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OFS Perth 2008. A multiplexed CW Brillouin system, for precise interrogation of a sensor array made from short discrete sections of optical fibre. John Dakin 1 , Sanghoon Chin 2 , and Luc Thévenaz 2 1 Optoelectronics Research Centre, University of Southampton

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slide1

OFS Perth 2008

A multiplexed CW Brillouin system, for precise interrogation of a sensor array made from short discrete sections of optical fibre

John Dakin1,Sanghoon Chin2, and Luc Thévenaz2

1 Optoelectronics Research Centre, University of Southampton

jpd@orc.soton.ac.uk

2 Ecole Polytechnique Fédérale de Lausanne, Switzerland

sanghoon.chin@epfl.ch; luc.thevenaz@epfl.ch

summary
We present, for the first time, a novel multiplexed sensing architecture for real-time monitoring of a small array of optical fibres.

Signal separation, is in the frequency domain, rather than the usual time domain, and relies on each fibre having a different Brillouin shift.

The ability to monitor with a 100% duty cycle gives enhanced signal to noise ratio, allowing precision measurement.

We will show first the basic feasibility of the method, then show how the it may be used for precise temperature measurement.

Summary
slide3

F3

F2

F1

DFB-LD

1W

EDFA

VOA

Chamber

PC

nB3

nB2

nB1

nc

nc

nc

Delay

Beating notes

ESA

Det

Schematic diagram of basic sensing system

The DFB laser pump into the fiber, via a 1W EDFA a circulator, and 3 Brillouin signals return to be mixed with part of the pump wave on a ~12 GHz photo-receiver .

(The delay line is used to break coherence of the pump beam, to reduce interference between the pump wave and undesirable pump-wave residues returning from port 3 of circulator)

1

slide4

F3

F2

F1

DFB-LD

1W

EDFA

VOA

Chamber

PC

nB3

nB2

nB1

nc

nc

nc

  • Configuration of the cascaded fibers

Delay

Beating notes

ESA

Det

diameter: 7 cm

diameter: 7 cm

50 m of DSF

15 m of DCF

50 m of special fiber with small size of core

Schematic diagram of basic sensing system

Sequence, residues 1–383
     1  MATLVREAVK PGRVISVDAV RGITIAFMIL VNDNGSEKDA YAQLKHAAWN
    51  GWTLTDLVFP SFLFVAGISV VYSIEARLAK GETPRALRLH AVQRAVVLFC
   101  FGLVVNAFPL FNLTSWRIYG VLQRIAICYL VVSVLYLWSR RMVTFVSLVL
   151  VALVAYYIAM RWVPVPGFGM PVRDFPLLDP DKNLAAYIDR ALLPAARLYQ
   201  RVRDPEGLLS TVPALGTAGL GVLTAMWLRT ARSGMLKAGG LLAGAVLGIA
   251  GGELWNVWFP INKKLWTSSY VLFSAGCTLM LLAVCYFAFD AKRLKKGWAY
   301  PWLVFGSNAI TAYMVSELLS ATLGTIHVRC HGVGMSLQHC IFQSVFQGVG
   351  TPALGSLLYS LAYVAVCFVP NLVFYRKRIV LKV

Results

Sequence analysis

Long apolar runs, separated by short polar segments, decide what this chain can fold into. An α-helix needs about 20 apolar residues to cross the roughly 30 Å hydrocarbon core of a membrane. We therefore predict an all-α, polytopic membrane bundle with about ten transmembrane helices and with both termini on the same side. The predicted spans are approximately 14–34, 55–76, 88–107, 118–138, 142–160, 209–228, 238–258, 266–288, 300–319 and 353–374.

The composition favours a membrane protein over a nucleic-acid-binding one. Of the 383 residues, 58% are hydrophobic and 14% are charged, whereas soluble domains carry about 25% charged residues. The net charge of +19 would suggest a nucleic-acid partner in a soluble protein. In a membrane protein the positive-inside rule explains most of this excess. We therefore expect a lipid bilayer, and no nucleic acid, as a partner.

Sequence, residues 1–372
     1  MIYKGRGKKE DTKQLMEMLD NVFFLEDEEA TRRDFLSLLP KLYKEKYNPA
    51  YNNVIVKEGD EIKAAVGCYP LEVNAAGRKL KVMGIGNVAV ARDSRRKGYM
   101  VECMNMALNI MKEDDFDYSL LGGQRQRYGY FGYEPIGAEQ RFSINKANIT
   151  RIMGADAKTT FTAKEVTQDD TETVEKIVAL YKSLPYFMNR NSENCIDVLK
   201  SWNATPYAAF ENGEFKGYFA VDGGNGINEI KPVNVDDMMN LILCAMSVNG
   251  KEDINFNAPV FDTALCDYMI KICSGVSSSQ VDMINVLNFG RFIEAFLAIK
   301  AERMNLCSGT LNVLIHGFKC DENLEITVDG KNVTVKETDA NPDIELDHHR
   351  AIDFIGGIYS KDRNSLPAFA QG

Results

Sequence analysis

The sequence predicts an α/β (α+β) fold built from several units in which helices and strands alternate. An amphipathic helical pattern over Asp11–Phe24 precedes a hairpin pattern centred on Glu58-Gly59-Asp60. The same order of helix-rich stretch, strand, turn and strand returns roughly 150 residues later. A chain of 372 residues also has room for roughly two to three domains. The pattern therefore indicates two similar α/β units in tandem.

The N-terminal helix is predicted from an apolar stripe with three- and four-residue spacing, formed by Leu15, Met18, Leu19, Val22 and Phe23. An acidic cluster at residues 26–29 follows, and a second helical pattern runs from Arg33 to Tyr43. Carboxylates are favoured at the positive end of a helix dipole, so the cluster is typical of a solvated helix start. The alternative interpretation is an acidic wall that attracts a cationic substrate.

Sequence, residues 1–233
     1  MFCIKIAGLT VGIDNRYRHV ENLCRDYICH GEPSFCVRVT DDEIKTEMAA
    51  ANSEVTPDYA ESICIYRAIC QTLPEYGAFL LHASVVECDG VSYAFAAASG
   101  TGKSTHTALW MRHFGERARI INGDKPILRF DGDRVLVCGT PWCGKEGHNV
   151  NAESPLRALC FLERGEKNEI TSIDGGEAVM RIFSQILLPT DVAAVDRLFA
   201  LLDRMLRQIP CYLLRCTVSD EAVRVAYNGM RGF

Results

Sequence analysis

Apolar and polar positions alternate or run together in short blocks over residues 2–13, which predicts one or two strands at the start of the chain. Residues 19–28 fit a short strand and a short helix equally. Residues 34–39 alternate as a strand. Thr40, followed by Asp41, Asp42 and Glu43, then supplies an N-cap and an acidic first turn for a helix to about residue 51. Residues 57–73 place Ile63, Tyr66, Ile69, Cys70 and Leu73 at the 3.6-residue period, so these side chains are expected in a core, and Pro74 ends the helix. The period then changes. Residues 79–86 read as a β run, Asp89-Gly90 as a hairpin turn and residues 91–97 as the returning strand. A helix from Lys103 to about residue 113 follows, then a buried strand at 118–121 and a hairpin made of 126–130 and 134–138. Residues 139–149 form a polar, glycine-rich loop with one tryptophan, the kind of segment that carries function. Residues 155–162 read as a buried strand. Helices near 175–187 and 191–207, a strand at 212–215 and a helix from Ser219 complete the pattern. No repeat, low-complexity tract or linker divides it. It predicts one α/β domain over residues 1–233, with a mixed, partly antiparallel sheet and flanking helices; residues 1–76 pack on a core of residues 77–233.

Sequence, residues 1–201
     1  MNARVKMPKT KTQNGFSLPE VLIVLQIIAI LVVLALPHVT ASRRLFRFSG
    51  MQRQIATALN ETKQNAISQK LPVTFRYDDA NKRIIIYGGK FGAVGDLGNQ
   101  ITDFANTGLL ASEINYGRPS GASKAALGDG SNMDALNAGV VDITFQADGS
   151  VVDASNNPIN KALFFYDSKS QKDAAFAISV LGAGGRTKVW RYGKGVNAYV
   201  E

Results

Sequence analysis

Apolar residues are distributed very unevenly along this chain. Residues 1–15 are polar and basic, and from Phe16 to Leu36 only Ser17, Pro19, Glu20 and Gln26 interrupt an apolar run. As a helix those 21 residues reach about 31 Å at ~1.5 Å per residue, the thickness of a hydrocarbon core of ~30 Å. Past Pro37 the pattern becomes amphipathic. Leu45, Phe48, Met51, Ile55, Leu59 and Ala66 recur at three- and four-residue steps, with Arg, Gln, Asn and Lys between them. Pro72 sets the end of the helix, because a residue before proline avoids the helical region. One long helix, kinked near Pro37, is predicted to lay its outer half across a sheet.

2

slide5

OFS Perth 2008

, being acoustic velocity

Theory for Brillouin Shift in Optical Fibres

  • The Brillouin shift is proportional to the longitudinal acoustic velocity in the glass material, mainly of the fibre core region in which the majority of energy propagates
  • Fibres of different composition can have significantly different acoustic velocities, as the latter is a function of the density and the Young’s modulus of the glass.
  • Doping with heavy elements will generally increase the density markedly with respect to pure silica, and many dopants also reduce the Young’s modulus, both parameters therefore tending to reduce the acoustic velocity.
  • It is therefore relatively easy to select fibres having markedly different Brillouin shifts to suit our multiplexing method!
slide6

Measured Brillouin Stokes Spectrum from the 3-fibre array

This figure shows three different Brillouin Stokes signals, one from each fibre, as displayed on the electrical spectrum analyzer (ESA).

3

slide7

(b)

(a)

25 oC

45 oC

65 oC

85 oC

35 oC

55 oC

75 oC

Temperature dependence of Stokes Frequency.

Frequency change of the Stokes signal, as the temperature of the chamber changes, in steps, from 25 oC to 85 oC. It is clearly seen that only fiber-3 shows a variation, whilst the others scatter light at constant frequency.

4

slide8

Linear variation of the Stokes on Temp.

This display shows the frequency change of the Stokes as the temperature of the chamber changes from 25 oC to 85 oC. It is clearly seen that only fiber-3 varies, whilst the others stay at the same frequency.

5

slide9

n

FBG 1

FBG 2

DFB-LD

EOM

n

n

Probe

Pump

1W

EDFA

Chamber

Delay

1-km SMF

VOA

F1

F2

F3

Frequency Counter

BPF

Det

n

Precision temperature sensor

To create a precise temperature sensor, the Stokes scattered light was down-converted, using a modulation sideband of the pump laser as local oscillator, to give a beat signal of order 145 MHz.

NOTE: The intermediate-frequency beat signals were then mixed with a 150 MHz local oscillator in a second electrical (i.e. post-detector), down-conversion stage, to give ~ 5 MHz signal for frequency measurement. This 2nd mixing stage will be shown in next slide.

6

slide10

Electrical down-conversion

Frequency Counter

-

+

RF L.O signal

Photoreciever: Bandwidth, 125 MHz

High pass filter: Cut-off, 150 MHz

Low-pass filter: Cut-off, 15 MHz

Detection system, now showing the second (electrical) down-conversion mixing stage

7

slide11

Results of heating and cooling cycle

The counter frequency was monitored during slow heating and cooling, with a total temperature excursion of ~ 3.5 C.

The magnified insert shows the short-term frequency fluctuation was only of ~10 kHz RMS, equivalent to ~ 0.01 C, despite fast (1s) update time.

8

slide12

Conclusions

  • We have conceived and demonstrated a new frequency-division- multiplexed Brillouin sensor system
  • We have shown that it is possible to get good separation of Brillouin signals by simple selection of commercial fibres
  • We have shown that the sensor operates with low crosstalk between sensors (NOTE : WE NEED TO DEMONSTRATE THIS NEXT)
  • We have achieved a noise-limited temperature precision of ~ ± 0.01 C0 RMS, with a fast update time of only 1 second
slide13

Acknowledgements

Prof John Dakin wishes to thank EPFL for granting him a short visiting professorship

All the authors wish to thank Andrew Sansom, of Golledge Electronics, UK, for providing a number of complimentary filter samples at short notice.